The agriculture connection is what made Richard want to be a part of the American Ethanol NASCAR partnership when the series started using a 15% ethanol blend this year, since he is a farmer himself. “I’m a huge supporter of everything we do in America, from our farmers to our military,” he said. “This country has to quit depending on so much foreign energy and resources. We gotta do better.”

He says that NASCAR has had no problems making the transition to 15% ethanol fuel and next year they will go to fuel injection. “The fuel injection and the American Ethanol is really going to work out great,” Richard says.

Listen to my interview with Richard here. Richard Childress and American Ethanol

farm progress show 2011Meanwhile, over at the Illinois Corn Growers exhibit, the Illinois Family Farmers NASCAR Nationwide Series driver Kenny Wallace was signing autographs and doing interviews. Kenny was blown away by the Farm Progress Show. “This is like our Daytona 500! I’ve never seen anything like it,” he said in an interview with Chuck Zimmerman.

Kenny is proud to be the Family Farmer American Ethanol spokesperson. “Farmers make me feel good,” he said. “Hundreds of farmers notice me, stop me or they come by booth 250 and they say thank you so much for putting up for us and that really humbles me,” he added.

The next big race for Kenny will be Chicagoland on September 17.

Listen to Chuck’s interview with Kenny here. NASCAR driver Kenny Wallace

2011 Farm Progress Show Photo Album

Farm Bill Talk at Farm Progress

In Audio, Farm Bill, Farming, Policy, Politics by Cindy

farm progress show  2011Farm policy was in focus this week at the 2011 Farm Progress Show with the 2012 farm bill discussions right around the corner.

Two congressmen from the state of Illinois visited the big show in Decatur. Freshman Congressman House Agriculture Committee member Bobby Schilling (R-IL) participated in a press conference with the National Corn Growers Association on Tuesday. “I think as most people are aware, it’s been quite a storm in Washington, D.C., the last seven months,” Schilling said. “Coming out of the business sector right into Congress, it’s been quite frustrating for me to see what’s happening in our nation’s capitol.”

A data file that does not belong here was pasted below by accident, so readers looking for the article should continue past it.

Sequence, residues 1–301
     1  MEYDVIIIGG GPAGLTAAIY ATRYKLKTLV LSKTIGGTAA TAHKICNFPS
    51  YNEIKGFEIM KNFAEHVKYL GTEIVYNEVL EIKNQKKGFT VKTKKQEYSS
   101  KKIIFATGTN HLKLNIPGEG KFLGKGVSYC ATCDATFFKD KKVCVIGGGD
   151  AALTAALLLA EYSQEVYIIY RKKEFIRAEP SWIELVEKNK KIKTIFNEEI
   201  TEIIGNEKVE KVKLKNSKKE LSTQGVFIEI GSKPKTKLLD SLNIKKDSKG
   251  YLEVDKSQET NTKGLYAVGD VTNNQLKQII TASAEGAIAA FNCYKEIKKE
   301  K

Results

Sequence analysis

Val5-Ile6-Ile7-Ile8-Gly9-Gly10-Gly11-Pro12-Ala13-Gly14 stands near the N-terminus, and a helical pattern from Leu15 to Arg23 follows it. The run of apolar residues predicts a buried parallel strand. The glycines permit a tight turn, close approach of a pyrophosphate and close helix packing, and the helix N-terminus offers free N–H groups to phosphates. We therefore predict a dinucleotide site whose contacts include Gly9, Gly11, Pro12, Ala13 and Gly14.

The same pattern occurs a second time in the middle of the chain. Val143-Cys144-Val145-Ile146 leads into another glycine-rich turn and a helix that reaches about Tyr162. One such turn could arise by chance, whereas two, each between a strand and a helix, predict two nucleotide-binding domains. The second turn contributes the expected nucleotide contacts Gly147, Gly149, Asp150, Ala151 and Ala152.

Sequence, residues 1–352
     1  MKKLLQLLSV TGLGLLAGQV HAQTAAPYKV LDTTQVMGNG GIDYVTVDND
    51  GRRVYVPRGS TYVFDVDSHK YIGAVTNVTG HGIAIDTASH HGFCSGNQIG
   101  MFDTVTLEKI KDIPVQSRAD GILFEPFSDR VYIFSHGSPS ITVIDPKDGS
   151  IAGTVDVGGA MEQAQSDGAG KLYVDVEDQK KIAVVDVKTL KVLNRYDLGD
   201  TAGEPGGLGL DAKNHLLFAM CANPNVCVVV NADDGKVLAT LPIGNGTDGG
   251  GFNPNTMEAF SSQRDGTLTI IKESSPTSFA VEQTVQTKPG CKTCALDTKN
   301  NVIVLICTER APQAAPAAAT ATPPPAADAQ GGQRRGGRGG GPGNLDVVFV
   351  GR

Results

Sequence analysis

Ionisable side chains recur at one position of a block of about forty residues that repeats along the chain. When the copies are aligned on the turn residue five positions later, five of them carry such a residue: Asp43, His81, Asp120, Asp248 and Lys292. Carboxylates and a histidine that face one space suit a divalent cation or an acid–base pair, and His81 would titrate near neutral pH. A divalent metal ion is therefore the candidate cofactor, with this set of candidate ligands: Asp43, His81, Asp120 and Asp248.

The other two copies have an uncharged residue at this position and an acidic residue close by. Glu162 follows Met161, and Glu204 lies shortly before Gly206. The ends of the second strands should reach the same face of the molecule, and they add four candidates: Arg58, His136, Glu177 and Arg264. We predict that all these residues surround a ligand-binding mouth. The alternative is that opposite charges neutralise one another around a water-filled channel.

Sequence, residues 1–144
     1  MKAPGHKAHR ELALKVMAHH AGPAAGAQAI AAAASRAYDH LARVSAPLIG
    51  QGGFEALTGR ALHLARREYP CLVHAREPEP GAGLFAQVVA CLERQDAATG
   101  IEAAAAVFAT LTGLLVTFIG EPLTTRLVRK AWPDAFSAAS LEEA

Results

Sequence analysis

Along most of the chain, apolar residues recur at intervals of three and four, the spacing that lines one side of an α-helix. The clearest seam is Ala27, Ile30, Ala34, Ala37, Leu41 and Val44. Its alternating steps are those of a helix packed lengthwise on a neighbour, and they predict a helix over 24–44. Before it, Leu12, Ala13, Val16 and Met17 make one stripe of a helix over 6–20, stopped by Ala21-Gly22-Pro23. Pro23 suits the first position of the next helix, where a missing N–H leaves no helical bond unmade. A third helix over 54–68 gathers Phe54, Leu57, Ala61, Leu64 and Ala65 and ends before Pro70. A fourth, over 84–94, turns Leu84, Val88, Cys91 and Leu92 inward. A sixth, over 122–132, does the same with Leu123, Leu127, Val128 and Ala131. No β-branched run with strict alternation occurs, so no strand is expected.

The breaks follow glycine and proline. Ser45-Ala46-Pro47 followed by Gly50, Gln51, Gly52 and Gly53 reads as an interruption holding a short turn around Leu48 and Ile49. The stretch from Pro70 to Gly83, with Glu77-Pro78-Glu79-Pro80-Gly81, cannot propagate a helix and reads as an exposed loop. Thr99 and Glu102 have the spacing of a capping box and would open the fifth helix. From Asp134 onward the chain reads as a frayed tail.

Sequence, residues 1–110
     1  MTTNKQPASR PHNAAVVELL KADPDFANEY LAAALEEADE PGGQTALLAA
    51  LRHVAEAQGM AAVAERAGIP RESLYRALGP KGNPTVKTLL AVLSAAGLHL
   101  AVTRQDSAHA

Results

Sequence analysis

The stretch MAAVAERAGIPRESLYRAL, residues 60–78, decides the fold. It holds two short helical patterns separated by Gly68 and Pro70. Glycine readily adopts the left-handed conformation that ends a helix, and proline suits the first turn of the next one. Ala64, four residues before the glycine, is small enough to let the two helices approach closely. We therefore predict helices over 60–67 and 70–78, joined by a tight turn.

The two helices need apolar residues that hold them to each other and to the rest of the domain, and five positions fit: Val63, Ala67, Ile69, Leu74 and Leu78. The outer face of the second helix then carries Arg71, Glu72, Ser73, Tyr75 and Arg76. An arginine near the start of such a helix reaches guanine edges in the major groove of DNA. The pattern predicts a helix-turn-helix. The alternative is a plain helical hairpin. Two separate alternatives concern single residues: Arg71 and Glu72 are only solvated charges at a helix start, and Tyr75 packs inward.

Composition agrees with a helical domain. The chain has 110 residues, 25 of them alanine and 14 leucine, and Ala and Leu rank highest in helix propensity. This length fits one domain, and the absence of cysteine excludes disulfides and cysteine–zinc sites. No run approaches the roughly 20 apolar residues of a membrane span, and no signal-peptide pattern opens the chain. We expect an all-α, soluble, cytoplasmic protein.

As far as the farm bill is concerned, Schilling says the “super committee” on reducing the deficit may make decisions that will impact farm programs so the agriculture committee needs to make recommendations on how spending could be cut. “Because if we don’t they will just go after dollar amounts without looking at where appropriate cuts could be made,” he said.

Listen to some of Congressman Schilling’s comments during the press conference here. Cong. Bobby Schilling

farm progress show  2011Congressman Tim Johnson (R-IL), who also serves on the House Agriculture Committee, visited Farm Progress Show on Wednesday to meet with farmers like Illinois Corn Growers President Jim Reed (R) pictured here with him. Johnson says he is optimistic that they can come up with a farm bill that’s “workable and still meets the confines of what we have to deal with in terms of limited dollars.”

He wants to make sure there continues to be a safety net for farmers. “And we need to make sure the House Agriculture Committee and people who know American agriculture are the people framing policy,” Johnson said.

Johnson also shares the concerns that farmers in the state have about government regulations making it more difficult to farm. “USDA, USDOT and most particularly EPA tying our left hand is a real burden,” he said. “This administration more than any other administration in history has done more to damage the ability of farmers to make a living.”

Listen to Meghan Grebner of Brownfield Ag News and me interview Cong. Johnson here. Cong. Tim Johnson

2011 Farm Progress Show Photo Album